Be sure to scroll all the way to the bottom to see this week’s Question of the Week and check back on Thursday for the answer!
Zack Snipes reports, “It is hot and very, very dry in the Lowcountry. We desperately need some rain on the coast. Many irrigation ponds are at very low levels and may only have a week or so of water left. Peppers and other crops, are wilting during the day leaving fruit exposed which is causing lots of sunburn and sunscald. Other than it being very dry, our crops look amazing. The tomato and pepper crops are absolutely loaded right now. The markets however aren’t very good and lots of produce is being left in the fields. The heat and constant harvest of many crops have allowed spider mite populations to explode. We need to get on top of these to squeak out as much yield as possible and lower on-farm populations so that the fall crop doesn’t get inundated with them. Watch out for pre-harvest intervals with miticide applications.
Justin Ballew reports, “From the looks of things now, you’d never know we got several inches of rain recently. It’s just as dry as it was before, though, luckily, there is a decent chance of rain every day this week. Since everything dried out pretty quickly, we didn’t see disease pick up last week like I thought it would. Most crops are growing pretty well. There are still some insect issues here and there, but nothing too bad. I’m seeing lots of water-related problems right now. When the weather is as hot and dry as it’s been, be sure to frequently check the moisture in the soil and under the plastic to make sure it’s not getting too dry between watering. If more water is needed, often times adding another irrigation cycle is better than extending the run time of each cycle. Our sandy soil can only hang on to so much moisture at one time.”
Phillip Carnley reports, “In Orangeburg and Calhoun, cucumbers are still being harvested with good quality and quantity. Over the last week, I have seen several cucumber plantings experiencing downy mildew as well as squash with powdery mildew. With the lack of rain in the area, the downy mildew has been spotty and fairly well isolated but with any moisture, it will assuredly spread. Make sure you are treating preventatively and staying observant under center pivot irrigation. Cross-stripped cabbageworm is making a name for itself in greens around Orangeburg, where its numbers have exploded practically overnight. Diamondback moth caterpillars are also present in large numbers. An early systemic insecticide followed by scouting and a follow-up of a BT-based product will help curtail the population and mitigate damage. Due to the hot dry weather, there has also been an increase of Athelia rolfsii observed in tomatoes. All infected material should be removed from the field and any chemical treatment is suppressive only.”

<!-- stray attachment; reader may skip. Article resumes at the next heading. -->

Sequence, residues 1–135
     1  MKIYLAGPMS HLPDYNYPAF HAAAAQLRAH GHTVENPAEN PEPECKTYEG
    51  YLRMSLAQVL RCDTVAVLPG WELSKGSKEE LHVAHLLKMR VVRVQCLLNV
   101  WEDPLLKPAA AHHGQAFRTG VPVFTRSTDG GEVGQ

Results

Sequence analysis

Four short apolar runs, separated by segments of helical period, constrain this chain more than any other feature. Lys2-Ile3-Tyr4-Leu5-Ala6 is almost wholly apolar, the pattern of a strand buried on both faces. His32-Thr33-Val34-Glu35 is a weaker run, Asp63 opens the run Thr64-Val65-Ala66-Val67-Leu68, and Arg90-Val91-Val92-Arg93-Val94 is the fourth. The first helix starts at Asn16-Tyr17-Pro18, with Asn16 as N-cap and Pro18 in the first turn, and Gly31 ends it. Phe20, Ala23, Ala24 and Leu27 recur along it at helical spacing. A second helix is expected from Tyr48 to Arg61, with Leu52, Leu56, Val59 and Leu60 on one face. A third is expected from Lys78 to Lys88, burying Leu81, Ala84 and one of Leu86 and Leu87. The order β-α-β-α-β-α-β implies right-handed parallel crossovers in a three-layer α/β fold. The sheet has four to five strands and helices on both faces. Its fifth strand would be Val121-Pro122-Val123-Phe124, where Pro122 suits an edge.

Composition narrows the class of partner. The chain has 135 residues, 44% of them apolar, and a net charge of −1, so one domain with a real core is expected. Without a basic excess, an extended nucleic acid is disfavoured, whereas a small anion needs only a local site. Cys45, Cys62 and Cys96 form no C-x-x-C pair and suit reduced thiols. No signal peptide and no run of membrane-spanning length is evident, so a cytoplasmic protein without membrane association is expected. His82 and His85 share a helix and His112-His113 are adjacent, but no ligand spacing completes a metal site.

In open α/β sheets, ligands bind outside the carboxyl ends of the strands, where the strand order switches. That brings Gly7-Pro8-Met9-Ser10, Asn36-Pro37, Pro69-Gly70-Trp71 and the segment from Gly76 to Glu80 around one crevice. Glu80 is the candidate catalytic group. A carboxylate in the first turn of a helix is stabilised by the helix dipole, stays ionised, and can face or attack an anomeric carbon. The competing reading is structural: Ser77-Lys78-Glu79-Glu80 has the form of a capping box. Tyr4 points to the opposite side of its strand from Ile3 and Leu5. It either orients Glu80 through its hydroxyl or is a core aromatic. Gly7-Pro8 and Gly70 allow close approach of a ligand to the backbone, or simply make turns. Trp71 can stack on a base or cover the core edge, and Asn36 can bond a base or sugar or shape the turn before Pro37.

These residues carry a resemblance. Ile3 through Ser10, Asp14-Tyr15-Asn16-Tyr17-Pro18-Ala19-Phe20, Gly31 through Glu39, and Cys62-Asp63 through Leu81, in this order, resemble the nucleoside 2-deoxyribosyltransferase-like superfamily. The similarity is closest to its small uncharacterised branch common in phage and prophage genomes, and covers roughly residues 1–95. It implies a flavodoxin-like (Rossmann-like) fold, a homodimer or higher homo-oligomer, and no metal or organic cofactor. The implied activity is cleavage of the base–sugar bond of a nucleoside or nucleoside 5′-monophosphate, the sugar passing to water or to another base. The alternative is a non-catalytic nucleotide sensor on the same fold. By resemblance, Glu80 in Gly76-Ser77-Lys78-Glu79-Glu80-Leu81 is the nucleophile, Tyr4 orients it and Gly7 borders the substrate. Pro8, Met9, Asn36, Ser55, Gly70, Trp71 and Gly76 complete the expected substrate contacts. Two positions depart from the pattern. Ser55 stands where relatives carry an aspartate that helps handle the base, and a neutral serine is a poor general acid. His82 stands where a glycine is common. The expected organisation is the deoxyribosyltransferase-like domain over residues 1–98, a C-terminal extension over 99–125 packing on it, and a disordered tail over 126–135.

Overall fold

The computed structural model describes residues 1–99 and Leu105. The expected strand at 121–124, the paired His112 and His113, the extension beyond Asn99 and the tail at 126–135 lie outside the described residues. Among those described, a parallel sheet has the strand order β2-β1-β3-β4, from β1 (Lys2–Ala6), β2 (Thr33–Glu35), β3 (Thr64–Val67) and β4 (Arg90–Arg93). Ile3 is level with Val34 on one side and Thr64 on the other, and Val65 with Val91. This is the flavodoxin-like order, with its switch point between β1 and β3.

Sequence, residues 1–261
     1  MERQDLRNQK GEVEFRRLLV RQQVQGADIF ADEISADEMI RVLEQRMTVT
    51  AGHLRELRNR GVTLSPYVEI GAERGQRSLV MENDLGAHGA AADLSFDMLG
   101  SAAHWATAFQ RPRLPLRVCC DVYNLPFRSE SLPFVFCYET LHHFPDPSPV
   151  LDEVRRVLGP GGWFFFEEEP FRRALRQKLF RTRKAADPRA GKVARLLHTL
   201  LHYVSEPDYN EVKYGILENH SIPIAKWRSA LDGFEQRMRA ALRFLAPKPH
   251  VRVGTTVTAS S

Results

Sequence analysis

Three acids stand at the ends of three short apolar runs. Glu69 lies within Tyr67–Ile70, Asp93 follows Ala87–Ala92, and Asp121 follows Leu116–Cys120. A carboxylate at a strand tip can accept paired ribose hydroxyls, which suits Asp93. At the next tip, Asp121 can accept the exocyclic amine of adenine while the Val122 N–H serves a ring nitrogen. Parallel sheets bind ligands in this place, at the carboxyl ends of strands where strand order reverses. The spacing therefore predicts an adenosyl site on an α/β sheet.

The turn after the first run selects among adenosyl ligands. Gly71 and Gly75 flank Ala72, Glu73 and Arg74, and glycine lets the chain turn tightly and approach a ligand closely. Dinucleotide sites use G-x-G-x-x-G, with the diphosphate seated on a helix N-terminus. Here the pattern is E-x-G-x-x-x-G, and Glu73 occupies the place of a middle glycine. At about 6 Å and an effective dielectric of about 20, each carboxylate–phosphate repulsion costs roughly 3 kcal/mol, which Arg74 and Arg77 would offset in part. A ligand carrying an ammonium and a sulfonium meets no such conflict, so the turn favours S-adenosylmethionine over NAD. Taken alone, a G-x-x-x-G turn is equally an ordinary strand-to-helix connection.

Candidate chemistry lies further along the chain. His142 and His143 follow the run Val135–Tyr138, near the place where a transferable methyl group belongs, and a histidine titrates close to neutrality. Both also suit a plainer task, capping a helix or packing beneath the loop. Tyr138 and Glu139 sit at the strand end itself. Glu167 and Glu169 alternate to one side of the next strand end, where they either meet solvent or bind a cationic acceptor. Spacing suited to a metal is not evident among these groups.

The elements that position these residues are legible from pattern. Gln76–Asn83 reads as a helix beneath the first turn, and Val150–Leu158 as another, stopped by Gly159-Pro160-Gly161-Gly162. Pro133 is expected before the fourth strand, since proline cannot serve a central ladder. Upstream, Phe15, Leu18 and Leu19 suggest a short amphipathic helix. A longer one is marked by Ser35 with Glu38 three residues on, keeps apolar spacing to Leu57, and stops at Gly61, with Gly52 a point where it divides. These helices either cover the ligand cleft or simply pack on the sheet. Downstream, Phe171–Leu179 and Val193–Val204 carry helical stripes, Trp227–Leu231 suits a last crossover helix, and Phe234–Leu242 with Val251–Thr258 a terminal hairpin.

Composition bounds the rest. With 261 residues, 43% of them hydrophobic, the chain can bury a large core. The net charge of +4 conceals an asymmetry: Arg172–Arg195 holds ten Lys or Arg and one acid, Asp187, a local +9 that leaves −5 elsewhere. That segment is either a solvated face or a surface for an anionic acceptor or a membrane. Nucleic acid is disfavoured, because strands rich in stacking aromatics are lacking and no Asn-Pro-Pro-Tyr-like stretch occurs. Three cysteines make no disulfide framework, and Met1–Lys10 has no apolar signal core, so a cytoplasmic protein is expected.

Sarah Scott reports, “A recent UGA blog post from Dr. Brett Blaauw indicates the possibility of a second peak of scale crawlers in the next two weeks. Keep an eye out in orchards and monitor with electrical tape/double-sided tape for the crawlers. Populations have been quiet but we may see some activity soon. You can refer to this post for spray recommendations and for strategies in managing a combination of scale and plum curculio. The hot and dry weather has also brought spider mites out in full force. Rain will help tame the populations, but keep in mind a heavy infestation could cause defoliation and stress to the tree. Harvest continues and we are finally picking come freestone varieties.”
Question of the Week
For this week’s question, take a look at the photo below. What is this crop being grown on John’s Island, SC?
Answer in the comments below and check back on Thursday to see the answer.